And now, the second part of my multi-part post concerning the evolution of the Southern Baptist Convention into something unholy, quite catholic, but rather unapostolic:
4. Opulence and indifference to the plight of the poor
The disparity between the haves and the have-nots became increasingly pronounced during the years of medieval hegemony for the Roman Catholic Church. As feudal ways of life gave way to the age of Renaissance art, and after the Crusades had effectively bankrupted the kingly courts of Europe, the Catholic Church emerged as the last bastion of aristocracy. So rich were the Roman pontiffs in lands and luxuries, and so great were the economic advantages of papal favor that the ordinary wealth of earlier fiefdoms seemed paltry and pathetic.
The splendor of Roman Catholic architecture and commissioned art has surpassed anything before or since. The Renaissance and its chief artisans would have starved to death if not for the church’s insistence on having the finest, best, and most expensive frescos, sculptures, and paintings. Truly, the vicar of Christ was a king of kings, and his heavenly city – The Vatican – had gates of pearl and streets of gold.
In the darkened shadows of those magnificent ecclesiastic edifices, ghettos grew like mushrooms on the soil of papal waste. The Jews, the prostitutes, the stonecutters and the merchants struggled to secure a place within the crowded city of once glorious Rome. It was among these that the plague reached epidemic proportions. It was there that the rats ran free. And betrayed by the Holy Apostle sworn under sacred oath to preach the good news to the poor, these huddled masses faithfully paid their tithes and purchased their indulgences to adorn the papal palace with gold and silver and precious stones.
By the time Roman Catholicism had taken root in South America through plundering the native wealth of Aztecs, Incas, and Mayans, there was little hope that the Church would even recognize her Lord whose head could find no place to rest. Nevertheless, the Church justified her opulence and preached the gospel of prosperity long before American Protestants adopted the heresy as their own.
The ground for reform was fertile by the time Martin Luther began preaching justification by grace. The peasants, though eventually overcome with reforming zeal, were the footsoldiers of the reclaimed gospel proclamation. Luther tapped into their growing resentment of the Church’s worldliness and channeled their hostilities toward his reforming agenda.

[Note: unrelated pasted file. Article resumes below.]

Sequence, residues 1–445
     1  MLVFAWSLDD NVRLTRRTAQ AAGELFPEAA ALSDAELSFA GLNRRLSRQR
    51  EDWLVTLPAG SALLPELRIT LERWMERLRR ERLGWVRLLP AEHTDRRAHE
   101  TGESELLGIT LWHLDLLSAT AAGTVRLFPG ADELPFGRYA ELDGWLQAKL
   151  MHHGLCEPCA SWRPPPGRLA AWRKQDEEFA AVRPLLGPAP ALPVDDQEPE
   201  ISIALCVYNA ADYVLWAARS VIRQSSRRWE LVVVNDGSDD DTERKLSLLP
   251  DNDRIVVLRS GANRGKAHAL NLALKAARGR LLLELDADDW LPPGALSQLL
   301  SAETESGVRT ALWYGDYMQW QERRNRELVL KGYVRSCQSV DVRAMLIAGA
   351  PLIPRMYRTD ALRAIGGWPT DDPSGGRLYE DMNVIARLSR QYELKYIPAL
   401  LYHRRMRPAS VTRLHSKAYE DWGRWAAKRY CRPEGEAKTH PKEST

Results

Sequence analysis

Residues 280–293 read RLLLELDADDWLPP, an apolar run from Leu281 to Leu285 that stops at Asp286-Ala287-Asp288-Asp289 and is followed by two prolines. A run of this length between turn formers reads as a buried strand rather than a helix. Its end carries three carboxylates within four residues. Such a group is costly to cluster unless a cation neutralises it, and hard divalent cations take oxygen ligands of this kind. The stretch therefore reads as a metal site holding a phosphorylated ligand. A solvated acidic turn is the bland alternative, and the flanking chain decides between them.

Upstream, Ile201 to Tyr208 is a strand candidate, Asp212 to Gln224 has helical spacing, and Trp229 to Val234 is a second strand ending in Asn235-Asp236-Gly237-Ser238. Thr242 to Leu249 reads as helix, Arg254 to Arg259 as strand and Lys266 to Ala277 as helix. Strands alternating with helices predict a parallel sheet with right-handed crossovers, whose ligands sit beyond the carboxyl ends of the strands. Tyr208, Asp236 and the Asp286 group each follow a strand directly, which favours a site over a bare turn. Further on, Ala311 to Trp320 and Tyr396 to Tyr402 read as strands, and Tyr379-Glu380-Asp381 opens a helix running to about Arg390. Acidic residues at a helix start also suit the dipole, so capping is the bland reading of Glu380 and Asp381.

The parallel between what the Roman Catholic Church became and what the Southern Baptist Convention is becoming demands examination. Denominational elites are sheltered from the fiscal oversight of the people who pay their salaries. The costs associated with executive travel, perquisites, benefits, and emoluments are hard to come by. As always, the chief offenders are among the slowest to provide information.
Last January, I sent certified letters to every Southern Baptist executive whose agency or institution receives Cooperative Program support. As of this morning, I have sent follow up letters and emails to those seminary presidents and mission board leaders who have yet to honor the Business and Financial Plan of the Southern Baptist Convention that necessitates their compliance with my request.
To date, only the following men have responded, and each has responded in full: Morris Chapman, Jerry Rankin, Jeff Iorg, Danny Akin, and Richard Land.
Paige Patterson, Chuck Kelley, Al Mohler, Phil Roberts, and Geoffrey Hammond have withheld any response.
Some denominational salaries are insufficient. Some are incredibly inflated. Some presidential expenses are modest. Others are downright ungodly. Yet the palaces which house our Southern Baptist pontiffs expand across the street from lean-to, rotten shanties, and convention trustees refuse to address the disparity.
Meanwhile, the appeal for churches to increase their Cooperative Program giving keeps coming, and the money keeps rolling in. Perhaps, however, the convention messengers need an opportunity to hear about these abuses; and soon, perhaps, they will.
*Cue ominous-sounding music*
5 thoughts on “Roman Baptist Convention, Pt. 2…”
The word Marcos comes to mind in some of these descriptions.
Well…is this information that will be publicly shared, or is each individual Southern Baptist to repeat the certified letter exercise?
Ok, I admitt it. I’m sure that Ben has already intuited it from our get-togethers.
I am woefully ignorant… Who is “Marcos?”
Tim L. Dahl
The reference is to Ferdinand and Imelda.
Marty, is the rumour true that Ferdinand “eshoed” Imelda? ;^)
In His Grace and Peace,
T. D. Webb